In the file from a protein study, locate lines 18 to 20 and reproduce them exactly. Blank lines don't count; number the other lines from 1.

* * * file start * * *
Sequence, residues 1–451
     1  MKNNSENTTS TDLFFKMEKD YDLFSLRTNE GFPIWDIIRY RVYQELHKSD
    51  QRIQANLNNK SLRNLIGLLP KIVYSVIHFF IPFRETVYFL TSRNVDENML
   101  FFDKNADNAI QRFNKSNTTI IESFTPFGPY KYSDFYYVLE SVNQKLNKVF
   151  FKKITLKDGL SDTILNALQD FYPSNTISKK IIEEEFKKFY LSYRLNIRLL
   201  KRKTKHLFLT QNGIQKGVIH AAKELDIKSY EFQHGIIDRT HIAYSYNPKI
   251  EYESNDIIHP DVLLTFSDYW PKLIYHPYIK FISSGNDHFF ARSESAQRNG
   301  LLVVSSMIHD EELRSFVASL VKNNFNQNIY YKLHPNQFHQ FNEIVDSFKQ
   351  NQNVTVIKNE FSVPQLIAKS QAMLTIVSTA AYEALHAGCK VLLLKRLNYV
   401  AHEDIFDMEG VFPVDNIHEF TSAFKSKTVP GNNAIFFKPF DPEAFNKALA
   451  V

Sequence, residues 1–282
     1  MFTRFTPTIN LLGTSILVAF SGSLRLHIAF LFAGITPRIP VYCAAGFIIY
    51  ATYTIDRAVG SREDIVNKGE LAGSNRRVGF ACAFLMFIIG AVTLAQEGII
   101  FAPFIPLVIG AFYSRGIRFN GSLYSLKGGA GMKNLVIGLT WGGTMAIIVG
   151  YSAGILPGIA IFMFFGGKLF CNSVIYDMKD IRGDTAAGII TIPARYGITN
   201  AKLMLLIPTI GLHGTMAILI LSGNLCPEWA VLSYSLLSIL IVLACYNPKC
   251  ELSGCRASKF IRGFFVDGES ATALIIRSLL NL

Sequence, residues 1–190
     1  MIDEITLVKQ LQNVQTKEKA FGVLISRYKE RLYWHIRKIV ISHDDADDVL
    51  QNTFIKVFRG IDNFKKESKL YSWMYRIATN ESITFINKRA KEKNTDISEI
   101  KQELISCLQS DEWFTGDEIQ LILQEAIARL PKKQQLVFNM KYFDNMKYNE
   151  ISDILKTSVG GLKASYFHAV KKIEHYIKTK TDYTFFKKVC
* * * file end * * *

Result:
   251  ELSGCRASKF IRGFFVDGES ATALIIRSLL NL

Sequence, residues 1–190
     1  MIDEITLVKQ LQNVQTKEKA FGVLISRYKE RLYWHIRKIV ISHDDADDVL